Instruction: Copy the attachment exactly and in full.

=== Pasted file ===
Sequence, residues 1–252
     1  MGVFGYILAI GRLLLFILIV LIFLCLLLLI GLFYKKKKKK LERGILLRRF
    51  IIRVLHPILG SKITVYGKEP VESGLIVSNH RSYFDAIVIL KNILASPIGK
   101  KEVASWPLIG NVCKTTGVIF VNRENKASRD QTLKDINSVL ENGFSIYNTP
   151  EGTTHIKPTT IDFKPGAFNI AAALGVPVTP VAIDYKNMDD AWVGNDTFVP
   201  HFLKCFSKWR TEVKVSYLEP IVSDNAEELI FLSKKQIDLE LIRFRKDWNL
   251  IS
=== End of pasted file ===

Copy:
Sequence, residues 1–252
     1  MGVFGYILAI GRLLLFILIV LIFLCLLLLI GLFYKKKKKK LERGILLRRF
    51  IIRVLHPILG SKITVYGKEP VESGLIVSNH RSYFDAIVIL KNILASPIGK
   101  KEVASWPLIG NVCKTTGVIF VNRENKASRD QTLKDINSVL ENGFSIYNTP
   151  EGTTHIKPTT IDFKPGAFNI AAALGVPVTP VAIDYKNMDD AWVGNDTFVP
   201  HFLKCFSKWR TEVKVSYLEP IVSDNAEELI FLSKKQIDLE LIRFRKDWNL
   251  IS